Samsung has been making headlines with leaked images that bolster rumors that the company would integrate a crypto wallet into its soon-to-be-released Galaxy S10 smartphone, a development that could expose potentially millions of Galaxy users to cryptocurrency. But the electronics giant isn’t the only major Korean conglomerate jumping into blockchain.

As Cryptonews reports, the Kolon Group – a sprawling business group with subsidiaries in auto parts, fashion, construction, healthcare, chemicals and textiles – is diving into the technology. And it’s doing so with uncommon enthusiasm. The Korean-language crypto news website The Block Post notes,Unlike most large corporations, which are pushing services based on blockchain and crypto technology behind the scenes in the current lukewarm legal and systemic environment regarding blockchain projects, the subsidiaries of the Kolon Group are not only participating in the government’s trial blockchain and crypto projects, but are also actively supporting and collaborating with related startups.” (translated from Korean)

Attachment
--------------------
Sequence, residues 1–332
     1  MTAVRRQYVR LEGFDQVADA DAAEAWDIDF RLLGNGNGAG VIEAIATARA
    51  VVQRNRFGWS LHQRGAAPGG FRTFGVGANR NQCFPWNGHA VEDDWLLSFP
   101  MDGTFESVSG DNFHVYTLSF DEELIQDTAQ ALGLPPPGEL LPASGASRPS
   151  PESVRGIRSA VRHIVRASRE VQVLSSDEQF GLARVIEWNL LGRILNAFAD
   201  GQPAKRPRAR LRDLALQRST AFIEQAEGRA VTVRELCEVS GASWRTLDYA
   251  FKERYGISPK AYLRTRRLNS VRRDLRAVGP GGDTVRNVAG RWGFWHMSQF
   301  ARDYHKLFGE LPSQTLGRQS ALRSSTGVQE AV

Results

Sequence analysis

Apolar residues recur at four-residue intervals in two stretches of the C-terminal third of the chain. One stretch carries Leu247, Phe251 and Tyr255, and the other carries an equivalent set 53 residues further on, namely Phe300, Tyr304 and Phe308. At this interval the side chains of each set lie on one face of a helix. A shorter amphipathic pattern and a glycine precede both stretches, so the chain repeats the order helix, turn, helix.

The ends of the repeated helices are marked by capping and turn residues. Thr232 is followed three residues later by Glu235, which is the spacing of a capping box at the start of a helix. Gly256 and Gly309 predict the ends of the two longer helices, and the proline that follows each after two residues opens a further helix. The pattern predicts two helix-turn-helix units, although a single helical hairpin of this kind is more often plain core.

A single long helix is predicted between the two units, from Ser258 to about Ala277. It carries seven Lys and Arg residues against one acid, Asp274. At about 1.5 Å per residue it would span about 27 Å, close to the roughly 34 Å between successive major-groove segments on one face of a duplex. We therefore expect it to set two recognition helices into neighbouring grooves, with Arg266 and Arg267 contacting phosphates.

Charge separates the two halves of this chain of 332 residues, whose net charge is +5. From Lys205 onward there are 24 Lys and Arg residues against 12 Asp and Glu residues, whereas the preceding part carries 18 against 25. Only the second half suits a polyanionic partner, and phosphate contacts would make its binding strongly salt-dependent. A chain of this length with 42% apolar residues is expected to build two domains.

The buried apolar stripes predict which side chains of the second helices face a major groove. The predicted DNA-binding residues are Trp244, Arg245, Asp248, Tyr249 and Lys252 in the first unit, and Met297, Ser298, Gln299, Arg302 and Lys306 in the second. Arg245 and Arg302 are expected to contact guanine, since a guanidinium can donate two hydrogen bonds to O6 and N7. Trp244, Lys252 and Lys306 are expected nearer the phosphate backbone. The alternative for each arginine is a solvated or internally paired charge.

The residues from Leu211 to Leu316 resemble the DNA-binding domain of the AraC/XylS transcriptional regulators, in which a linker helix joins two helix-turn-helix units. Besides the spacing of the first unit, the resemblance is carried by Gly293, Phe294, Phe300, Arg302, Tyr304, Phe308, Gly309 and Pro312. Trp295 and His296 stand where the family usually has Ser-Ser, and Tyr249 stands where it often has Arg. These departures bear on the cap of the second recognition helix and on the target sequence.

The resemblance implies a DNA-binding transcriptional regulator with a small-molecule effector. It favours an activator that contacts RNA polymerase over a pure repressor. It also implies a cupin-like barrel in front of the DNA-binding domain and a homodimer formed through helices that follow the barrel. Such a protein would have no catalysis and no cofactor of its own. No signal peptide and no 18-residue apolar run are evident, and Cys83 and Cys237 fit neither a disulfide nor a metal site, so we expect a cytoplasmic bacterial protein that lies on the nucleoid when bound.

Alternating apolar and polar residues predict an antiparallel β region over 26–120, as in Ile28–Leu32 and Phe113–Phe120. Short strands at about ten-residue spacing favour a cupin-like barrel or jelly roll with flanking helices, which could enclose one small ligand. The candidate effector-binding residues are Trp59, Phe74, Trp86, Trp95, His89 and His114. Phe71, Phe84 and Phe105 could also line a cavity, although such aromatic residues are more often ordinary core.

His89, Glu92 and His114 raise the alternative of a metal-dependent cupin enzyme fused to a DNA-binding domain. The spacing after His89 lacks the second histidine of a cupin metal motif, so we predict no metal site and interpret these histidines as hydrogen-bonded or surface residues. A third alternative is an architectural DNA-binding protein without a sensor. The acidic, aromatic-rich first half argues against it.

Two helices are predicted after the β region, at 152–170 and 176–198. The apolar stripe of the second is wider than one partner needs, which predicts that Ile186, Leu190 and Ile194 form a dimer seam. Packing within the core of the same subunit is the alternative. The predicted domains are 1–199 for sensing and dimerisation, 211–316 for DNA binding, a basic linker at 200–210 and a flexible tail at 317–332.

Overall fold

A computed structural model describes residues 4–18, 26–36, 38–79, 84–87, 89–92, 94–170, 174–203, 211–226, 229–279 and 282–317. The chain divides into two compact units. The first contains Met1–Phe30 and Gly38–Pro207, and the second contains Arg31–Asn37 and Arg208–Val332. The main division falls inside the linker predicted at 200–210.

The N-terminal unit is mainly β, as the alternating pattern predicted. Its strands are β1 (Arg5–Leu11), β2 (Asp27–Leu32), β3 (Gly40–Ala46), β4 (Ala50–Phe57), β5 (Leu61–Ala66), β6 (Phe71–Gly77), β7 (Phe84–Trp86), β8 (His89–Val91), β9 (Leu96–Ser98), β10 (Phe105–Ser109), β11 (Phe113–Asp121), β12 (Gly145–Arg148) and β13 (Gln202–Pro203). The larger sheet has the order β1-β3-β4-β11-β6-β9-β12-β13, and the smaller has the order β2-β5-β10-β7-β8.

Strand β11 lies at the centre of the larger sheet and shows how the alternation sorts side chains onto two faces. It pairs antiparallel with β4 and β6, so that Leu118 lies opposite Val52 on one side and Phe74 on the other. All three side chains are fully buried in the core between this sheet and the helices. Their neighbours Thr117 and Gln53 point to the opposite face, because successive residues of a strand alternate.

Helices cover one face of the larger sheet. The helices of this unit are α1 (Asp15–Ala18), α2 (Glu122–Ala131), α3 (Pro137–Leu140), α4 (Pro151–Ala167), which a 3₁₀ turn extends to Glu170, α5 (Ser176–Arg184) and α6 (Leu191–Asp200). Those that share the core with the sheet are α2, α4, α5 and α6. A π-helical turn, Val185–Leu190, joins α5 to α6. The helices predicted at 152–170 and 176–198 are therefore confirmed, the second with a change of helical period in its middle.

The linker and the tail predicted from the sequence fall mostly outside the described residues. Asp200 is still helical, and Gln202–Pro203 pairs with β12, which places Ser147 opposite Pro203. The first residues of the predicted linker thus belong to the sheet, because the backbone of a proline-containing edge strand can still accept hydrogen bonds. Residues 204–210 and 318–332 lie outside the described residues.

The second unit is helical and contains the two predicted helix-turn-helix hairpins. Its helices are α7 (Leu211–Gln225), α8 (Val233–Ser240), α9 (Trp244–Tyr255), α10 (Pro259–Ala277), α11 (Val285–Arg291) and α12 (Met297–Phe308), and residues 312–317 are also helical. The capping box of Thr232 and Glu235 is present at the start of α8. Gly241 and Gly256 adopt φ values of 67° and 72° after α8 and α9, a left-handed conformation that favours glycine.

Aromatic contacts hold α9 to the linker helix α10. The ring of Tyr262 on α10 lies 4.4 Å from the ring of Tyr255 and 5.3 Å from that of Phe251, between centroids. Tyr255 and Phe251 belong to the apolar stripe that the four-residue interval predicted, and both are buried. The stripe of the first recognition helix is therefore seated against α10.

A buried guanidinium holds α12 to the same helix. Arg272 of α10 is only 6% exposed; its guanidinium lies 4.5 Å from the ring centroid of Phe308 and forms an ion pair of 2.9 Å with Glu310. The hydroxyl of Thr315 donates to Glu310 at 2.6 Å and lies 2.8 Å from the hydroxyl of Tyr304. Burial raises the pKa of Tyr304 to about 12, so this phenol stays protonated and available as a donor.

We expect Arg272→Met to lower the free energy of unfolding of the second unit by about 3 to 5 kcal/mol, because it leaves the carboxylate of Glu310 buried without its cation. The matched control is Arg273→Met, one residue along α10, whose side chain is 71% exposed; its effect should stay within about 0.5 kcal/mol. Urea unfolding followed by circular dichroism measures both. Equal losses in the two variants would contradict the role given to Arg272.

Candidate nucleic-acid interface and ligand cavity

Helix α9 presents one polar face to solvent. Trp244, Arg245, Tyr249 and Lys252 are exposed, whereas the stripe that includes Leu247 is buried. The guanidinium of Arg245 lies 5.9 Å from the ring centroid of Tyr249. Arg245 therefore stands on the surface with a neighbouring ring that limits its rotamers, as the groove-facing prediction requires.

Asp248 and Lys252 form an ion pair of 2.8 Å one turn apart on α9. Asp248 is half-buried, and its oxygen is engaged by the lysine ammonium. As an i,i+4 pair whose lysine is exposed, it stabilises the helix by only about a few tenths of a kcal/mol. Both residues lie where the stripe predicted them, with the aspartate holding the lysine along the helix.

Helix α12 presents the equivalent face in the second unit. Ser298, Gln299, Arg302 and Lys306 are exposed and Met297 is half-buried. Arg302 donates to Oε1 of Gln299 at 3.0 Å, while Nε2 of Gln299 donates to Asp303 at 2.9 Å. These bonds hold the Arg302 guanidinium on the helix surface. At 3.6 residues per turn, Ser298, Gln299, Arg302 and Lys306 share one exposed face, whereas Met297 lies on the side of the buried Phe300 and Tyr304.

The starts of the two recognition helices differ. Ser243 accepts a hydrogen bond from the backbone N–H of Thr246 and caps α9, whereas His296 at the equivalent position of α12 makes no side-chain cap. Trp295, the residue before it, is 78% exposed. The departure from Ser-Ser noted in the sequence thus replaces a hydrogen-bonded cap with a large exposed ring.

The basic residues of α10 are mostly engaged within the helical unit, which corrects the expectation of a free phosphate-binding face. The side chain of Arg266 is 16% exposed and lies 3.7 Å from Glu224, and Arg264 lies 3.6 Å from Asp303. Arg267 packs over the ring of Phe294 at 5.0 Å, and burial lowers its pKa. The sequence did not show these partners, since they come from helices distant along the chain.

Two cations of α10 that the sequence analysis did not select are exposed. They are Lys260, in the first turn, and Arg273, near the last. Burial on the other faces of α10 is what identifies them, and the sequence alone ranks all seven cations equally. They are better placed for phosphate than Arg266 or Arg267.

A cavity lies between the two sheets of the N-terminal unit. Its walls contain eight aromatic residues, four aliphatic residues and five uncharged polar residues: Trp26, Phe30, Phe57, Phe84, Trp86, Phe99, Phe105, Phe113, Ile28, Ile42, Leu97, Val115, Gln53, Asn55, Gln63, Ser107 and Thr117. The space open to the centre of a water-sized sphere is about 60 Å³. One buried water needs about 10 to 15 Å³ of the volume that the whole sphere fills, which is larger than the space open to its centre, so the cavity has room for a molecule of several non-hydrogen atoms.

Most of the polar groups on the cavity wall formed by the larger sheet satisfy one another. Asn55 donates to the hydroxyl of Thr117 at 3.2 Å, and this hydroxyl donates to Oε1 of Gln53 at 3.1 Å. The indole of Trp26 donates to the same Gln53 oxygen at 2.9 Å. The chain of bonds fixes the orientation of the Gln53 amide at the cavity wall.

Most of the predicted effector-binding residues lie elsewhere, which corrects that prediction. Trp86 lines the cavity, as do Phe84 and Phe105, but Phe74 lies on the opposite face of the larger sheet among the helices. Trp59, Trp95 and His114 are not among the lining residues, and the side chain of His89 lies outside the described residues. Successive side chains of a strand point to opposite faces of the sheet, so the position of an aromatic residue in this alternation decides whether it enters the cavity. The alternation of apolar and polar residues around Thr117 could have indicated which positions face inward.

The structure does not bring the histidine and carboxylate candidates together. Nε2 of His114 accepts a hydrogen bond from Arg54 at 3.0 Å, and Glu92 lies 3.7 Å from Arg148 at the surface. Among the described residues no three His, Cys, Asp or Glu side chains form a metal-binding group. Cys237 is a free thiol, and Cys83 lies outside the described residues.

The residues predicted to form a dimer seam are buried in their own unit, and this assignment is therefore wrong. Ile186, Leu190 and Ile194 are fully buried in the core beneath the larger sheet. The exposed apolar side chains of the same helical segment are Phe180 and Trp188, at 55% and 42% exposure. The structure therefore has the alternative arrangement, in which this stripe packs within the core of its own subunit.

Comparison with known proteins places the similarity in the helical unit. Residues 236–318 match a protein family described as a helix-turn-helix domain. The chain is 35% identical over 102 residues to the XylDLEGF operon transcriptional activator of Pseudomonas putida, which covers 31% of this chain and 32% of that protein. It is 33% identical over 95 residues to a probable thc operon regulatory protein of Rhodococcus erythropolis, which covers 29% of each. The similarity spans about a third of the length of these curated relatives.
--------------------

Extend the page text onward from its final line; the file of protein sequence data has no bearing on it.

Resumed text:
The company’s most recent blockchain venture involves its IT subsidiary, Kolon Benit, which has formed a consortium with the blockchain company Blocko to run a pilot real estate registration system launched by the Ministry of Land, Infrastructure and Transport. This pilot, currently underway at 11 financial institutions in the relatively crypto-friendly island province of Jeju-do, uses blockchain technology to enable the real-time exchange of real estate information as digital data rather than paper documentation.

Another Kolon subsidiary is working on a cryptocurrency solution that would reward households for saving energy. And yet another is collaborating with a blockchain startup to create a system that allows residents to pay their rent in cryptocurrency.

With their vast financial resources, advanced infrastructure and influential political connections, major corporations can really promote the development and adoption of blockchain technology in Korea. This goes without saying.

A recent article in the New York Times, however, suggests that with corporate investment in blockchain increasingly overshadowing small investors, ordinary people are having an even tougher time making money in crypto. And if you saw blockchain as a means to reduce the control big companies and government regulators had on your life, perhaps corporate- and government-backed projects aren’t necessary the way you want to see the technology go. But the technology is still young, so who knows how things will shake out in the end.

Other Korean Crypto News

(By TokenPost)

(By Max Yakubowski, Cointelegraph)

(By Yogita Khatri, Coindesk)

(By Joseph Young, CCN)

(Press release in PR Newswire)